Dear Winston, fourth editionThursday, March 29th, 2007
I keep reading stuff about how narcissistic we have become, especially young people. Things like Myspace, Facebook and YouTube (and commentators at blogs) are always cited as examples of this dangerous phenomenon that threatens the very foundations of society. It seems to me that these things are symptomatic of the opposite - a craving for connection, commonality and community. What do you think?
Curious in New Mexico — where the chilies are hot and the women are hotter
(This is a reader submitted letter taken from the comments.)
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What I find to be particularly absurd is how often these expressions of grief about the Internet’s alleged adverse impact on the purity of America’s soul come from major media pundits — you know, the folks who so love to look down their often very long (in the Pinocchio sense) noses at bloggers and other “new media” commentators for their alleged narcissism: Seriously, do these folks not own mirrors?
Take a look at this definition: Narcissism: Excessive love or admiration of oneself.
Now, ask yourself to whom this applies more: A teenage girl who likes to post links to her favorite musicians and actors on her personal webpage or, say, Christopher Hitchens, Chris Matthews or Howard Kurtz?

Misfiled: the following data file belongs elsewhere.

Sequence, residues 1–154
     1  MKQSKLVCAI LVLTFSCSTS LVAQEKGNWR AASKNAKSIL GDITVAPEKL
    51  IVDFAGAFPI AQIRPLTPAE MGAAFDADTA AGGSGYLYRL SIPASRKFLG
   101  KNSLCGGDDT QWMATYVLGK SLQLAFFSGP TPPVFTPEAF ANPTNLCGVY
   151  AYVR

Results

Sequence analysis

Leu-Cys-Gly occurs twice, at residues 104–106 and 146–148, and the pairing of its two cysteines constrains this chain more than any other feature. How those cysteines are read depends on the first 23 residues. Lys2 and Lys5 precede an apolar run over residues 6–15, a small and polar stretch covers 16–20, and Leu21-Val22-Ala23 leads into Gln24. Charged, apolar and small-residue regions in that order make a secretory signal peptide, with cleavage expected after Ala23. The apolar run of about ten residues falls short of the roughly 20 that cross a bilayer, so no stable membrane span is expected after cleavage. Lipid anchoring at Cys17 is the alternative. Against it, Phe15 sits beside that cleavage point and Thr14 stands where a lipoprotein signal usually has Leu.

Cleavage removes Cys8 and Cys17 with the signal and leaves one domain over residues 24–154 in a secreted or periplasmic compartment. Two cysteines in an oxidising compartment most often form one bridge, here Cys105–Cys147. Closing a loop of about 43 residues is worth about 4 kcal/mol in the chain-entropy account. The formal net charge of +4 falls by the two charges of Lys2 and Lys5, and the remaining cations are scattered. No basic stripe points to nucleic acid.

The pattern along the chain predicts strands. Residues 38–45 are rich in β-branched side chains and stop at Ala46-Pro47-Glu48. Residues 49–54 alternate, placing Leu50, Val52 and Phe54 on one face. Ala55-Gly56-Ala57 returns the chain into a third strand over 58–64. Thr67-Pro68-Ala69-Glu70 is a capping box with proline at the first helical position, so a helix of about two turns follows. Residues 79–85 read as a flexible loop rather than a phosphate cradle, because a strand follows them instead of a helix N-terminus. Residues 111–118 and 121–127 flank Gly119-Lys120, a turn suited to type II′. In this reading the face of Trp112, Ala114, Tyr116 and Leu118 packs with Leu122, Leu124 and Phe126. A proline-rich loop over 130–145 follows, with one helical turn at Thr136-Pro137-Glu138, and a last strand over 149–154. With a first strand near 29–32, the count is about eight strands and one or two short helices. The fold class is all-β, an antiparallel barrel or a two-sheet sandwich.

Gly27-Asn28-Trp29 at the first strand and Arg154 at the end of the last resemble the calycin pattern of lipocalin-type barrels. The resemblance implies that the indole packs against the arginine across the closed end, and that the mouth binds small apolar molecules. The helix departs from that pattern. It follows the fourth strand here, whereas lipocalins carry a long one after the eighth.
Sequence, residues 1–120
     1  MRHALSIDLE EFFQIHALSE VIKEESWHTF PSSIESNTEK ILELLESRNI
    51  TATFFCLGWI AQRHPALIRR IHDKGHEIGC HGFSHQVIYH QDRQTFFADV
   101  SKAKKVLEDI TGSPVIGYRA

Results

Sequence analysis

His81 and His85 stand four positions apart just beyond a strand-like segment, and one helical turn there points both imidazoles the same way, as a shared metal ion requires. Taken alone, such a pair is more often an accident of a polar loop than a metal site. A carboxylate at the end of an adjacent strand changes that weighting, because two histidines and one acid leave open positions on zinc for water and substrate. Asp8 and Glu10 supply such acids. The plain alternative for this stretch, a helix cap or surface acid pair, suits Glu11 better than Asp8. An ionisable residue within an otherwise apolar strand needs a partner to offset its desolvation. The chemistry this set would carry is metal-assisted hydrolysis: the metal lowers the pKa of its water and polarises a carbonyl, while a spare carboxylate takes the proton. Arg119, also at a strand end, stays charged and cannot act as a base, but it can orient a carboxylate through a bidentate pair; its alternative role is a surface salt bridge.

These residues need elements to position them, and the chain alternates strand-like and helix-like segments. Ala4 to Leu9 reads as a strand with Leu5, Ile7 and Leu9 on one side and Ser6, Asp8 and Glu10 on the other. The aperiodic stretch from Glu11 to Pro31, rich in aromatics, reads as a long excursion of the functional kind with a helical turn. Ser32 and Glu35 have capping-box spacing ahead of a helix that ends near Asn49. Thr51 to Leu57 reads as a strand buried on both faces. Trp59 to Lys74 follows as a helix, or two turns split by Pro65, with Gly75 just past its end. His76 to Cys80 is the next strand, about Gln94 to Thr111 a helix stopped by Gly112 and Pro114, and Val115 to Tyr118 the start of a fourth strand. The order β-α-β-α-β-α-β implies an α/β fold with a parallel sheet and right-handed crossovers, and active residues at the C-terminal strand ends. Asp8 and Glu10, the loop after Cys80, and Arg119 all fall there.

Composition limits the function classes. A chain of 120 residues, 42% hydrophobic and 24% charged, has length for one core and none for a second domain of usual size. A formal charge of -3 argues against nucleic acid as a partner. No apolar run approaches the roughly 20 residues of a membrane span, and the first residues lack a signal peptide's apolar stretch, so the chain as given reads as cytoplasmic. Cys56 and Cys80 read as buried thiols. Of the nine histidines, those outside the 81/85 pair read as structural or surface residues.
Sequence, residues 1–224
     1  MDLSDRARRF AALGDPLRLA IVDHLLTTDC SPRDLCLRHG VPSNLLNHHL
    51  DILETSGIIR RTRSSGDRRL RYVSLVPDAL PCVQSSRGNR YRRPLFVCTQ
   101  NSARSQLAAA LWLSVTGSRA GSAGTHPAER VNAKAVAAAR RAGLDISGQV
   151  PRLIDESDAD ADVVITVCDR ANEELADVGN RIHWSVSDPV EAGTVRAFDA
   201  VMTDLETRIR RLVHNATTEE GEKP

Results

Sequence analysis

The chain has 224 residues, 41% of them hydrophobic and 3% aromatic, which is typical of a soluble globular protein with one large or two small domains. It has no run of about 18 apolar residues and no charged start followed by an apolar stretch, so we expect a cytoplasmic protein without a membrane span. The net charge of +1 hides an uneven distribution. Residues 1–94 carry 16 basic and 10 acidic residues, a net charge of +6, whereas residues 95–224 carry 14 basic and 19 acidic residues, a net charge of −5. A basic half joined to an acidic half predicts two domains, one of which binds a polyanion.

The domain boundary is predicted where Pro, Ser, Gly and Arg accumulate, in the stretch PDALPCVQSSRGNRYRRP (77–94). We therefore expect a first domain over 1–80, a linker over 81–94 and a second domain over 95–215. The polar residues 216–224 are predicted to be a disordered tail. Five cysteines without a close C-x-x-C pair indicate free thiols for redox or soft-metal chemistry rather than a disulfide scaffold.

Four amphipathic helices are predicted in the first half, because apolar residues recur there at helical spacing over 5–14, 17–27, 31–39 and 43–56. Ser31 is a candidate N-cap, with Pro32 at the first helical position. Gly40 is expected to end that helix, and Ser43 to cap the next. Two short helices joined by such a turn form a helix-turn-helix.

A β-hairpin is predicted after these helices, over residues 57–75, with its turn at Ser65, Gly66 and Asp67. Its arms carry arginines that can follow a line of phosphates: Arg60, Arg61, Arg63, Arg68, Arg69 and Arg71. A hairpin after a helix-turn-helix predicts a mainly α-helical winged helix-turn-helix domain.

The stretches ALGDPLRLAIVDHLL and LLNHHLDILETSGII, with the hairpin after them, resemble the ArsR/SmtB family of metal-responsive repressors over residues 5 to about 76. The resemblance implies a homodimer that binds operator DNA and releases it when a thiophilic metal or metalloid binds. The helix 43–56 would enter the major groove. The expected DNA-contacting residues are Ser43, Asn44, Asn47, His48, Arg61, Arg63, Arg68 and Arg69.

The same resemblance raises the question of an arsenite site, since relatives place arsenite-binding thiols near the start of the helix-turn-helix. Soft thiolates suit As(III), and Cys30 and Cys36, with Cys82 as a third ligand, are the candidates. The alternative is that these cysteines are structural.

Not a particularly tough call is it?
Let’s just take the case of Hitch the Snitch, the former “liberal” columnist for The Nation turned neoconservative-warmonger: Here’s a man who literally perspires arrogance (or is it Johnnie Walker Black?), this despite having been wrong just about every time he’s opened his mouth in recent years, especially on the subject of Iraq. The same can be said (except maybe for the Johnnie Walker Black part), of course, for pretty much the entire editorial staff of the Washington Post and most of the rest of the DC punditry.
I must confess to harboring a secret wish that one day the density of the combined narcissism of these professional gasbags will become so great that it will curve in upon itself producing a singularity — a black hole whose gravitational pull will be so strong that not even Bill O’Reilly’s ego can escape.
Besides, if blogging and otherwise posting on the Internet is narcissistic, doesn’t the same conclusion naturally follow for all other forms of writing?
In terms of the human motivation at play — which, of course, is what we’re concerned with in discussing narcissism — there’s really no difference between John Updike penning a Pulitzer Prize winner and Jake the used car salesman down the street pecking away at his PC preparing a post for his sports blog that’s been visited a grand total of 17 times (it was his mother, but even she lost interest eventually). Both are writers. Both are spewing their souls into the great meat grinder of public judgment — even if the most common judgment returned for the Jake’s of the world is simply that of being ignored.